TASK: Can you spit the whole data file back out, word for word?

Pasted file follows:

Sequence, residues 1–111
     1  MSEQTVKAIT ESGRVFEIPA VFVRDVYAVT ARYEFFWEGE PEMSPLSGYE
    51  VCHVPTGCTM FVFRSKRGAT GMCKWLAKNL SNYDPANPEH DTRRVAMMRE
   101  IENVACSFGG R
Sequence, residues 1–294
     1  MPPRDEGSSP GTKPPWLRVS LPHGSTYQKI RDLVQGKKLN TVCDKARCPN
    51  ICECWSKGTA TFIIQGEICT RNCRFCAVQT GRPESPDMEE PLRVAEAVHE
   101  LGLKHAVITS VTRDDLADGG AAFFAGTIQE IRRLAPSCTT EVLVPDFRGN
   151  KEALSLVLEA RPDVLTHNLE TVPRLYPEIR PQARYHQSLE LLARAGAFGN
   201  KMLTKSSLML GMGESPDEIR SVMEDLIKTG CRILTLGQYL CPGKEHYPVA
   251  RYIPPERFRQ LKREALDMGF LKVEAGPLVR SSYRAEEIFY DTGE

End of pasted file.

Sequence, residues 1–111
     1  MSEQTVKAIT ESGRVFEIPA VFVRDVYAVT ARYEFFWEGE PEMSPLSGYE
    51  VCHVPTGCTM FVFRSKRGAT GMCKWLAKNL SNYDPANPEH DTRRVAMMRE
   101  IENVACSFGG R
Sequence, residues 1–294
     1  MPPRDEGSSP GTKPPWLRVS LPHGSTYQKI RDLVQGKKLN TVCDKARCPN
    51  ICECWSKGTA TFIIQGEICT RNCRFCAVQT GRPESPDMEE PLRVAEAVHE
   101  LGLKHAVITS VTRDDLADGG AAFFAGTIQE IRRLAPSCTT EVLVPDFRGN
   151  KEALSLVLEA RPDVLTHNLE TVPRLYPEIR PQARYHQSLE LLARAGAFGN
   201  KMLTKSSLML GMGESPDEIR SVMEDLIKTG CRILTLGQYL CPGKEHYPVA
   251  RYIPPERFRQ LKREALDMGF LKVEAGPLVR SSYRAEEIFY DTGE